Gin Durham

The first artist I chose to look at is Gin Durham. She bases her work off of old folklore and nursery rhymes. She says she is “drawing on an imagination which has been shaped by treasured tales and imagery which I have translated into figurine and vessel based work”

Gin Durham - four foxes 2016 90dpi.jpg.opt902x603o0,0s902x603

I really admire her work. I also found that she uses gold highlights on her figures. I think that the gold adds to the fairy tail imagery and also a slight lining of her imagination.



This year I have had a chance to really work on my ceramic skills. I feel that I was quite inexperienced for a university level. I am resisting the year as last year I did not do so well and was for too inexperienced and unfocused. I feel that having this second chance has been really working in my favour this years I am more motivated and willing to succeed. Before starting this course the only real skills I had in ceramics was sculptural skills such as slab building and coiling. During this past year and even my first try last year I have definitely improved in many aspects. 

My first attempt at throwing

I was introduced to throwing this year. I was not at all skilled in this particular subject but had many chances to practice throughout the three terms. I started on just practicing centering and creating basic form. Now my skills have improved quite a lot and I can now think about creating more advanced work such as playing around with form, texture and size. Along with throwing I have also been able to build up on my turning skills. I sometimes enjoy turning more than basic throwing as this technique can really improve a thrown vessel and turn it into a whole new piece of work if applied correctly.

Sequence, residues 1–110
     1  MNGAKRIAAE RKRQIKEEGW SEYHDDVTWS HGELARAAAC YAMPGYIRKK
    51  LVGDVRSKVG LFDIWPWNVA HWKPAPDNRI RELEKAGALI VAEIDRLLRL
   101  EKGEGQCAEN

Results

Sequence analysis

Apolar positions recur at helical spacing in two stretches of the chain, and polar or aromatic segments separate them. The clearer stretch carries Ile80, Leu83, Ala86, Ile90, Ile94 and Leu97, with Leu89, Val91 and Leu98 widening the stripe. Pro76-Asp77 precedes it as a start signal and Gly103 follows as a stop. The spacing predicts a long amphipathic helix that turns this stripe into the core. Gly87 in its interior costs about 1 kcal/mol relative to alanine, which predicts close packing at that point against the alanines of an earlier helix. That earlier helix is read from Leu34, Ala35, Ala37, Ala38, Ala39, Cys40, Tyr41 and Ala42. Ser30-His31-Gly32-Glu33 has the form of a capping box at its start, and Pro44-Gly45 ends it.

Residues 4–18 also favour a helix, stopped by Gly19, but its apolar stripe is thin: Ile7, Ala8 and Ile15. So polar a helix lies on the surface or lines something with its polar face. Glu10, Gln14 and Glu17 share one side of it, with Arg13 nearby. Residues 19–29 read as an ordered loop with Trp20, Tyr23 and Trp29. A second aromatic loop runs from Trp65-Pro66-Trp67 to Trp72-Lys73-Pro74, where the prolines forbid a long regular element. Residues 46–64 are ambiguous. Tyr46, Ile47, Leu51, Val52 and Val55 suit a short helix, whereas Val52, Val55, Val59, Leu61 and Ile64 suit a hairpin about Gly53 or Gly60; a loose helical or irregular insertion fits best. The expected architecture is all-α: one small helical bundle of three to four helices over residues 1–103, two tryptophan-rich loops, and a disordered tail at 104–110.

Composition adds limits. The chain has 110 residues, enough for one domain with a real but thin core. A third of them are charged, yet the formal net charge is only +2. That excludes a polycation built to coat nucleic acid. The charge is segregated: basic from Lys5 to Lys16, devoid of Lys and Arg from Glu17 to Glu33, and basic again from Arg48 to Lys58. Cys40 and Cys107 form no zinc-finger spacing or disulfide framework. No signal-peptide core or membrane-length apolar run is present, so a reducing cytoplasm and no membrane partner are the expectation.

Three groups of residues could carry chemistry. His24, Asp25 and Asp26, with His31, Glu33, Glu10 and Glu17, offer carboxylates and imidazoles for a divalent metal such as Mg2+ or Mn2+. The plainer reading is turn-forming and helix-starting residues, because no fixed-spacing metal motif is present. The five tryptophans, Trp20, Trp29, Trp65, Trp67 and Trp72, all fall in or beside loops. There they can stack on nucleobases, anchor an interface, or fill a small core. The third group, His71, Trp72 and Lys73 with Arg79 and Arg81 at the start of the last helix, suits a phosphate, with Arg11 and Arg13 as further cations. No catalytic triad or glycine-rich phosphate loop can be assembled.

During this academic year we have been given many different tasks and projects to work on. The majority of our projects have been given through our subject module. This module focuses most on our practical work and ceramic skill base. This is the module I have enjoyed over all as I feel it is most relevant to the course. I have been able to develope on my sculptural work a lot more being as I have been able to practice and explore many new skills surrounding ceramics, throwing being one and also mould making in plaster so I can now create casts soi can accurately duplicate work, decorative skills so I can make the surface of any body of work far more interesting with the aid of glazes and slips which I have been taught to create myself during workshops in the well equipped glaze room. I have also been shown many different firing techniques such as electric firing, raku firing and saggar firing which all finish the art work with different results.


Constellation is the academic side of this course. We had a choice of two different subjects during this module. I chose “Smells like teen spirit” for the first term and “New materialism” for the second term. My first term subject I found a lot easier to understand. It was looking at the studies of subculture in fashion and how they came about. It was a pretty straight forward module and very relatable as it focuses on something looked upon in everyday situations and I could easily involve it into my artwork. My second term although still quite interesting, was not quite as understandable. We looked at the deeper meaning of perception and how we interact with objects. We looked at how our senses affect the world around as and our perception of it. I thought that this subject was a lot harder to develope through my artwork.